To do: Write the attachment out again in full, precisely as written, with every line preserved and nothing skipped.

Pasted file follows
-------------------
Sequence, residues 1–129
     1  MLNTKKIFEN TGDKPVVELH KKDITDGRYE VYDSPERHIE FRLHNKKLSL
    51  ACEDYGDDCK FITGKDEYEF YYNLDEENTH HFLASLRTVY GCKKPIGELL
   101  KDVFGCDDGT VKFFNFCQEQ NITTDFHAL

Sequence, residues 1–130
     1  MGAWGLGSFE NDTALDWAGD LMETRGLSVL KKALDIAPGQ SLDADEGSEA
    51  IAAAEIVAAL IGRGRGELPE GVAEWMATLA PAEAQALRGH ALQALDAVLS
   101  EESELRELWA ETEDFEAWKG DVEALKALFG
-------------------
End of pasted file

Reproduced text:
Sequence, residues 1–129
     1  MLNTKKIFEN TGDKPVVELH KKDITDGRYE VYDSPERHIE FRLHNKKLSL
    51  ACEDYGDDCK FITGKDEYEF YYNLDEENTH HFLASLRTVY GCKKPIGELL
   101  KDVFGCDDGT VKFFNFCQEQ NITTDFHAL

Sequence, residues 1–130
     1  MGAWGLGSFE NDTALDWAGD LMETRGLSVL KKALDIAPGQ SLDADEGSEA
    51  IAAAEIVAAL IGRGRGELPE GVAEWMATLA PAEAQALRGH ALQALDAVLS
   101  EESELRELWA ETEDFEAWKG DVEALKALFG